The Conservative party remains the longest-established major political party in modern British history. This collection makes available 19th century documents illuminating aspects of Conservatism through a critical period in the party’s history, from 1830 to 1874. It throws light on Conservative ideas, changing policies, party organisation and popular partisan support, showing how Conservatism evolved and responded to domestic and global change. It explores how certain clusters of ideas and beliefs comprised a Conservative view of political action and purposes, often reinforcing the importance of historic institutions such as the Anglican Church, the monarchy and the constitution. It also looks at the ways in which a broadening electorate required the marshalling of Conservative supporters through greater party organisation, and how the Conservative party became the embodiment and expression of durable popular political sentiment. The collection examines how the Conservative party became a body seeking to deliver progress combined with stability.
The documents brought together in this collection give direct voice to how Conservatives of the period perceived and extolled their aspirations, aims, and the values of Conservatism. Introductory essays highlight the main themes and nature of Conservatism in a dynamic age of change and how the Conservative axiom, in an imperfect world of successful adaptation, being essential to effective preservation informed and defined the Conservative party, the views of its leaders, the beliefs of its supporters, and the political outlook they espoused. This fourth volume continues exploring the period 1850-1874.
Table of Contents
Volume IV – Victorian Conservatism, 1850-1874
Edited by Angus Hawkins
Part 2. Conservatism and the Church, 1852-1874
1. Benjamin Disraeli, ‘Church and the Queen’: Five Speeches Delivered by the Rt Hon B. Disraeli MP, 1860-1864. (London: G. J. Palmer, 1865), 1-79.
2. Gathorne Hardy, Speech of Mr Gathorne Hardy on the Irish Church Question, in the House of Commons, 31 March, 1868 (London, NUCCA, 1868), 3-16.
Part 3. Conservatism and Reform, 1852-1868
3. John Wilson Croker, ‘The Reform Bill’, The Quarterly Review, March 1854, 558-605.
4. Scheme for a Reform of Parliament by an Ex-MP and a Tory. (London: Thomas Hatchard, 1858), pp. 3-22.
5. Lord Robert Cecil, ‘The Theories of Parliamentary Reform’ in Oxford Essays (London: John W. Parker and Son, 1858), 52-79.
6. Benjamin Disraeli, Parliamentary Reform, Speech in the House of Commons, February 28, 1859. (London, 1859).
7. Spencer Horatio Walpole, ‘Parliamentary Reform, or the Three Bills and Mr Bright’s Schedules.’ The Quarterly Review, October 1859, pp. 541-562.
8. Spencer Horatio Walpole, ‘Reform Schemes.’ The Quarterly Review, January 1860, pp. 220-266.
9. Sir John Eardley-Wilmot, A Safe and Constitutional Plan of Parliamentary Reform: In Two Letters to a Member of the Conservative Party (London: William Ridgway, 1865), 1-32.
10. C. B. Adderley, Europe Incapable of American Democracy, An Outline Tracing of the Irreversible Course of Constitutional History, (London: Edward Stanford, 1867), 3-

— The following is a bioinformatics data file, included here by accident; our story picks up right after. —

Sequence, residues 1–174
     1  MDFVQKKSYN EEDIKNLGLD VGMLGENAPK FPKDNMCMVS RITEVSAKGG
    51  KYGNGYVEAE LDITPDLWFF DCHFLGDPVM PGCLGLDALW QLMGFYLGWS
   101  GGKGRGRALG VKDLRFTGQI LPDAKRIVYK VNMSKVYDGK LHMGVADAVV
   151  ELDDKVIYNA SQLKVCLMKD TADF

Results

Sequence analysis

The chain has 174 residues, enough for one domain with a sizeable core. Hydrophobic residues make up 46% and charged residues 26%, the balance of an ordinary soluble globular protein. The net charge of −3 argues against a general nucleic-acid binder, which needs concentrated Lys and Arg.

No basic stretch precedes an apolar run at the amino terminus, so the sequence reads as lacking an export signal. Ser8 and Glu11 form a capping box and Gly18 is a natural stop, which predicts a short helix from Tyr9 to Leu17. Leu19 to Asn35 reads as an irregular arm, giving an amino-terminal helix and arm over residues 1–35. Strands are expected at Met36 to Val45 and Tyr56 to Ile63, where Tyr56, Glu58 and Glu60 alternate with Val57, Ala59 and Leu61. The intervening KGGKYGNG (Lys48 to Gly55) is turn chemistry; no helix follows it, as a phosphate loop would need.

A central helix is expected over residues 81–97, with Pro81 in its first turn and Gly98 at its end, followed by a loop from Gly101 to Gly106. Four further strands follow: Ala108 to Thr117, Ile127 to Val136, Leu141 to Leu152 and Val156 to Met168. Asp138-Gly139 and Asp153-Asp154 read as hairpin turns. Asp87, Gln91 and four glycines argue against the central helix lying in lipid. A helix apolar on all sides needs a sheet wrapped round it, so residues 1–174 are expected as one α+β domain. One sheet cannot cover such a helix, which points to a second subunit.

Part 4. Conservatism in the Country, 1866-1874
11. William Busfeild Ferrand, The Speech of Mr Ferrand, President of the Bradford Working Man’s Conservative Association, at the Inaugural Banquet, on the 20th November, 1866, in St. George Hall (London, 1866), 2-12.
12. R. S. S., The Tory Reform Act. What Must We Do with It? Register! Register!! Register!!!, By a Member of the Council of the ‘National Union’ National Union of Conservative and Constitutional Associations, Publication No 4, (London, 1868), 3-19.
13. Practical Suggestions to the Loyal Working Men of Great Britain, on Points of Policy and Duty at the Present Crisis. By a Member of the Committee of the London and Westminster Working Men’s Constitutional Association. (London, 1868), 3-8.
14. The Political Future of the Working Classes, or, Who Are the Real Friends of the People, By a Member of the Committee of the London and Westminster Working Men’s Constitutional Association. (London, 1868), 3-7.
15. Shall We Give It Up? A Political Correspondence Dedicated to the Conservative Associations of the United Kingdom (London: Robert Hardwicke, 1871), 3-32.
16. The Principles and Objects of the National Union of Conservative and Constitutional Associations. (London, 1872), 5-15.
17. The Policy of the Conservative Party. The Speech of the Earl of Derby, at the Annual Meeting of the Liverpool Working Men’s Conservative Association, January 9th, 1872. NUCCA Publication No 11, (London, 1872), 3-14.
18. Benjamin Disraeli, Speech of the Right Hon. B. Disraeli, MP, at the Banquet of the National Union of Conservative and Constitutional Associations at the Crystal Palace, on Monday June 24, 1872.(London: R. J. Mitchell and Sons, 1872), 3-
19. Benjamin Disraeli, The Inaugural Address and Speeches of the Rt Hon B. Disraeli, MP, at Glasgow, November 1873. (London: Longmans, Green and Co,, 1873). 2nd edition, 1-69.
Angus Hawkins is Professor of Modern British History at Oxford University and a Fellow of Keble College
Richard Gaunt is Associate Professor in the Department of History, University of Nottingham, UK